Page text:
“Of course we didn’t expect that we would find ourselves in Washington so quickly,” a high ranking Kremlin official said in an interview with the Vremya Novostei newspaper meaning that it would have taken a lot more time to prepare Dmitry Medvedev’s visit to the USA if the anti-crisis G20 summit had not taken place. Such a visit would not have happened under Bush’s rule, and it would take quite a time for Medvedev to arrive in Washington to shake hands with Barack Obama after he would officially take office as the next president of the United States.
Nevertheless, Medvedev met neither Bush, nor Obama during his one-day stay in the US capital. Instead, the Russian president participated in the discussion organized by the Council for Foreign Affairs, an influential non-governmental organization, which, apart from everything else, publishes Foreign Affairs magazine. Madeleine Albright, the former US secretary of state, a member of Obama’s team, hosted the meeting.
Dmitry Medvedev set out a hope that the relations between Russia and the United States would improve after the election of the new president. The Russian leader stated that he was disappointed with the results of cooperation with the outgoing US administration.
“I believe that the current US-Russian relations do not have the trust that they need today. That is why we link our hopes with the new administration. Naturally, the outgoing administration has done a lot to lay the foundation of modern US-Russian relations, although, unfortunately, it is not enough. We have not been able to find common language on many issues. It is sad, but it is true,” Medvedev said.
The questions that Madeleine Albright and other participants of the meeting asked the Russian president were not a surprise to Mr. Medvedev: Russia’s response to the deployment of the US missile defense system in Eastern Europe, the details of the conflict with Georgia, the expansion of NATO and others. Medvedev said that there were serious problem in all of those issues, which could be solved with the help of the US administration. Medvedev said that Moscow was originally ready to discuss the issues of the Georgian crisis and the missile defense system, although Washington lost its interest in the dialogue.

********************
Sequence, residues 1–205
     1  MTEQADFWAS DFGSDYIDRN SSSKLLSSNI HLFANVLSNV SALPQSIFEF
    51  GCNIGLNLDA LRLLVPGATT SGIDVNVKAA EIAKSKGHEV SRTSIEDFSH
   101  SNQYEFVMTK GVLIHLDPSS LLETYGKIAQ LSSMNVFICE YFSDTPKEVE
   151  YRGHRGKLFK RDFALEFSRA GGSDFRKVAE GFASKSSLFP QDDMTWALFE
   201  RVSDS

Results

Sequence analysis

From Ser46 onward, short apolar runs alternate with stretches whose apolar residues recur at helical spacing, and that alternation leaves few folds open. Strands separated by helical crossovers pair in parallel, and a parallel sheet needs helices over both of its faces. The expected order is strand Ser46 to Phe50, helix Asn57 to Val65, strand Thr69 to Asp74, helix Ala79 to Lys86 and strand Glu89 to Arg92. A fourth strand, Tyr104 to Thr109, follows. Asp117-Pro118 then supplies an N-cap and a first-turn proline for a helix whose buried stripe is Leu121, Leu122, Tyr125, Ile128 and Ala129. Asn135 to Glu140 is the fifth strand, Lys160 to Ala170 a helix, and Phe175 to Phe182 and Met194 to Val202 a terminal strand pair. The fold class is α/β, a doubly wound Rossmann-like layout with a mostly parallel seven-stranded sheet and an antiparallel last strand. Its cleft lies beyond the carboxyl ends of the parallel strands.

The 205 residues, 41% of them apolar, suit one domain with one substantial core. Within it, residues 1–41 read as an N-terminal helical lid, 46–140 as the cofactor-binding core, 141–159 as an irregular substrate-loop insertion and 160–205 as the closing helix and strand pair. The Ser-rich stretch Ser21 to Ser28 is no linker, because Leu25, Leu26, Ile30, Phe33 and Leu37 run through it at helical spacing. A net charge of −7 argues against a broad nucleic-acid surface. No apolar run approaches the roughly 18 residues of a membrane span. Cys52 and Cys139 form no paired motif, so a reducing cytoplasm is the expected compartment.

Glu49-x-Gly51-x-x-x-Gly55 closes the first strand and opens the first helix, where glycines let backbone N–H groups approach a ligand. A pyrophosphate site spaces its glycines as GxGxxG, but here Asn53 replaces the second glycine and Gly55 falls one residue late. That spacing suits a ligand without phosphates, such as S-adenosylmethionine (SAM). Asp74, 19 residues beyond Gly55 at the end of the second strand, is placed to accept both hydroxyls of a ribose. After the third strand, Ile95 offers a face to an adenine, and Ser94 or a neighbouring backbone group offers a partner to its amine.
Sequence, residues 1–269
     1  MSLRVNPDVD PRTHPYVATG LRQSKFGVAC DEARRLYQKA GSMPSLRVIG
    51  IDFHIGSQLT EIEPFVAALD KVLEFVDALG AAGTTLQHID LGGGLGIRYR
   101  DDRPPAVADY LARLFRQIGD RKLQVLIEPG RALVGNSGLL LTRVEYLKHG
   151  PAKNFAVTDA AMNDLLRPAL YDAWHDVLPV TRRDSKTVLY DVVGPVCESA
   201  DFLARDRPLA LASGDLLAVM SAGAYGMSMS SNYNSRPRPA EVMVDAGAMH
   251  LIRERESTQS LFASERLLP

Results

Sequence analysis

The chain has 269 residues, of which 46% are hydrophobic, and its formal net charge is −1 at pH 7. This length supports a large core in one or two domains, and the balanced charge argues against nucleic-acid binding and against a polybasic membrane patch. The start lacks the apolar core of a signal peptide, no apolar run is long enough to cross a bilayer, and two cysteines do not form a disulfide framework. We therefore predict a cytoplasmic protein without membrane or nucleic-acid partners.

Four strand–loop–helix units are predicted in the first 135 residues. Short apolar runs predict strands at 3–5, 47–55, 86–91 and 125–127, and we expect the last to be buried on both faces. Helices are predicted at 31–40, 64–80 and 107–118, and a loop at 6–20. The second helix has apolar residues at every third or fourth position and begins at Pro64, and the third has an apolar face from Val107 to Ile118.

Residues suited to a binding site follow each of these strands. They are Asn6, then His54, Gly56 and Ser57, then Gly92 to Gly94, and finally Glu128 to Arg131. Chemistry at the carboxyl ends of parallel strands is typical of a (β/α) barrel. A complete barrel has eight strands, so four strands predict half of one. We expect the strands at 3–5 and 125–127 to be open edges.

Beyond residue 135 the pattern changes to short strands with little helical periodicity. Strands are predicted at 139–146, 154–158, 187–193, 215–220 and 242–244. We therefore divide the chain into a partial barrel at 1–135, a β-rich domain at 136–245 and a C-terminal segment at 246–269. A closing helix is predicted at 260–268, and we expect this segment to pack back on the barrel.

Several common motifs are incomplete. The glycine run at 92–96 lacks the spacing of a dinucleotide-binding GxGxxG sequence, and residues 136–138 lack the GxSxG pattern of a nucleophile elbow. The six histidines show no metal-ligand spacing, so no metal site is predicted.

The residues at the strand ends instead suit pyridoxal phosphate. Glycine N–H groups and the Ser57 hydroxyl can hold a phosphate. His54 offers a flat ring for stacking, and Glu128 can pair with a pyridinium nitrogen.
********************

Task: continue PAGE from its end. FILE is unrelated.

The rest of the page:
Speaking about the possible deployment of Russian missiles in the Kaliningrad enclave, Medvedev said that he was forced to formulate Russia’s response to USA’s plans in Poland and the Czech Republic. “But we are not going to do anything until America makes the first step. If this step is going to be that unsuccessful as it is presently supposed to be, we will have to act too. But I believe that we have very good opportunities to settle the problem. We can develop a global defense system or find some decisions on the existent programs which could be good for the Russian Federation. This question is not closed, and I am personally ready for its discussion and I hope that the new president and the new administration will have a wish to discuss it. At any rate, the first signals that we have received show that our new partners think about the problem and are not going to cast it aside,” Medvedev said.
Answering a question about Russia’s possible membership in NATO, Dmitry Medvedev said that the alliance already had an opportunity to invite Russia, although the current state of affair is completely different. “We would like to develop normal and friendly relations with NATO. It is not a problem. Moreover, if our colleagues see additional opportunities to develop such relations, we are ready to consider them. Russia is not closed for discussing any forms of cooperation with NATO, if it meets the interests of peace on the planet. I do not know how easy it is to analyze an opportunity for Russia to join NATO. I think that the situation does not dispose to it for the time being, but, like they say, never say never,” Mr. Medvedev said.
Speaking about the extension of the presidential term in Russia, Dmitry Medvedev said that Russia needs to have a stable political system which includes a strong parliament and a strong presidential power. The world is changing. Let’s remember the French constitution under De Gaulle’s rule, when they had the seven-year presidential term. I don’t know, maybe in 30 or 40 years the problems that we face today will be solved and we will be able to return to some other terms, although it is not going to be my problem already,” he said.
In a weary world of endless US military interventions, sanctions, trade tariffs and chaos, let’s pause and take stock of the shining house on the hill